April 24, 2002

Accountants in Crisis

New survey shows corporate America isn't happy wit

As far as the numbers go, that isn't the problem, says a new accounting survey. It's the customer service and the person-to-person stuff that need some work. According to an April poll by NFO WorldGroup, research-based, financial services marketing firm in New York, corporate America gave external auditors an overall "D" average in competence.

People just aren't happy with their relationship with their accountant, says Shubhra Ramchandani, Stakeholder Management Practice Leader for North America, NFO WorldGroup, and leader of the TRI*M Stakeholder Management Services study (a research-based platform for measuring, monitoring, and managing multi-channel relationships). "Accountants need to get down to basics and make some changes," she says. Issues of ethics and integrity, such as 'readiness for change' and 'being a company I can trust,' were all rated very highly. But issues such as response rates, keeping clients up to date, and maintaining a 'staff we can rely on to provide the right advice,' were rated mediocre to poor.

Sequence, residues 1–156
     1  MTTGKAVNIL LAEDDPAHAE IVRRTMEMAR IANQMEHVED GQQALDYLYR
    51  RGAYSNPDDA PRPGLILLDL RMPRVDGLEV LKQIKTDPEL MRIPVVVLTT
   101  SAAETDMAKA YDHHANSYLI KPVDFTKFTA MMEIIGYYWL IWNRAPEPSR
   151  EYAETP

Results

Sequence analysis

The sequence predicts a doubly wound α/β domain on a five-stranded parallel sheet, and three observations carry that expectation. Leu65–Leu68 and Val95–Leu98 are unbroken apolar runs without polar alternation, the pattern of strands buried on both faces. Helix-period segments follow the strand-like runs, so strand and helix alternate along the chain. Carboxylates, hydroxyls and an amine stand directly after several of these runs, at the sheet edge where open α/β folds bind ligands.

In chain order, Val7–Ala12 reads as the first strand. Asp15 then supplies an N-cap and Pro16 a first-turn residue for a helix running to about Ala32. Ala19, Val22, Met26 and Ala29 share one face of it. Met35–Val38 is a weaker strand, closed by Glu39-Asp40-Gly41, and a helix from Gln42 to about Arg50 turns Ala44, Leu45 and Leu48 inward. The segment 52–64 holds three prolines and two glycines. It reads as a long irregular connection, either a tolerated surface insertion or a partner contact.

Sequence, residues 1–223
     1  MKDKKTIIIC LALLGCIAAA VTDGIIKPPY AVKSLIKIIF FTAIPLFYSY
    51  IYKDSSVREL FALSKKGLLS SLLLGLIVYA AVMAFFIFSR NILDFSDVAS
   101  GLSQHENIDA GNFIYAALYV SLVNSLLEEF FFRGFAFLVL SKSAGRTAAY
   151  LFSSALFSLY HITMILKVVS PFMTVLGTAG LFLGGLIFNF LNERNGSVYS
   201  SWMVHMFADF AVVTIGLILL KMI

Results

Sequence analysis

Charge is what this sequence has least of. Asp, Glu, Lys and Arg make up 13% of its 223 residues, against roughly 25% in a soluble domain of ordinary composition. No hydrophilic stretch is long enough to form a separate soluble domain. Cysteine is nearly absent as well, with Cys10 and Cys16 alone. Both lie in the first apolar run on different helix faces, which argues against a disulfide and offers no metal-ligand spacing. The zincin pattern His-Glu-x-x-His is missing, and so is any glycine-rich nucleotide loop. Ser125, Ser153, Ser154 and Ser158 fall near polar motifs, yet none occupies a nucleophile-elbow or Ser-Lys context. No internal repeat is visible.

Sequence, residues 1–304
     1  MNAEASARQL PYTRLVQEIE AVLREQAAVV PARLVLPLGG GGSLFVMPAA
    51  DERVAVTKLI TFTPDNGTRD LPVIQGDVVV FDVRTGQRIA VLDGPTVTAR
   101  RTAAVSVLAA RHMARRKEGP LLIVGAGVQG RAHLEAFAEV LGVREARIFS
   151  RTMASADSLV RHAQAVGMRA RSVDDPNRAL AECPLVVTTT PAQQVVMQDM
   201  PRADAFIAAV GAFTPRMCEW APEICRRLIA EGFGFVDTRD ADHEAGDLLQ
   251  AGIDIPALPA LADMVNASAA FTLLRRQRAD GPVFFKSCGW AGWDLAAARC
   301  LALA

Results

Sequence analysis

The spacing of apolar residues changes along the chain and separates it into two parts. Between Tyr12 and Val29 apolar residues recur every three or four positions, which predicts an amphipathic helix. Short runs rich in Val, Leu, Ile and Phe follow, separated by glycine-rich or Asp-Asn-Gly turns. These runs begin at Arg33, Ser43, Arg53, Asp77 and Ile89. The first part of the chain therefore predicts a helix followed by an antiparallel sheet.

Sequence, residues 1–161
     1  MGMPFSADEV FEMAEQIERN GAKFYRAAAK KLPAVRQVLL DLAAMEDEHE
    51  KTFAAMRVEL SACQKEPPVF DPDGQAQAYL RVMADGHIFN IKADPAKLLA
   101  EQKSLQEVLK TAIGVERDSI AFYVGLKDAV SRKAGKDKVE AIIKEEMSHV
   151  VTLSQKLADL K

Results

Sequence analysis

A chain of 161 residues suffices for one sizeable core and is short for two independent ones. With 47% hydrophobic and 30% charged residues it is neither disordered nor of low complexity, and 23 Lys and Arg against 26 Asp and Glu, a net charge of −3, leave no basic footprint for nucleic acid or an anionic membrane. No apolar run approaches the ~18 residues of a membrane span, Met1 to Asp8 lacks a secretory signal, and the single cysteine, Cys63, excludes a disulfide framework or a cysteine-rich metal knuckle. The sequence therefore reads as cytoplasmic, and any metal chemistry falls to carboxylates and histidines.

According to the survey, only 35% of the respondents would recommend their current auditing service, while 27% would not, and 42% were unsure. In addition, only 55% of the respondents ranked overall performance as excellent or very good compared to 70% to 75% typically seen in the professional services such as banking and information technology. The solution: know and understand your clients' expectations, offers Ramchandani. "If the smaller, more fundamental issues are addressed and resolved," she says, "then approval ratings will rise."

But oftentimes client definitions of basics are different from those of their accountants'. "The industry has been so focused on expanding its portfolio of services," Ramchandani says, "that they aren't really hearing what their clients are asking for." Clients want personalized attention, a friendly and helpful staff, and an overall pleasant experience ae in addition to accurate accounting services.

Whether or not these results have anything to do with the Enron scandal, Ramchandani isn't sure. "We've never asked these questions before," she says. "But one thing is for sure: these results will stay the same long after the current news becomes old news."

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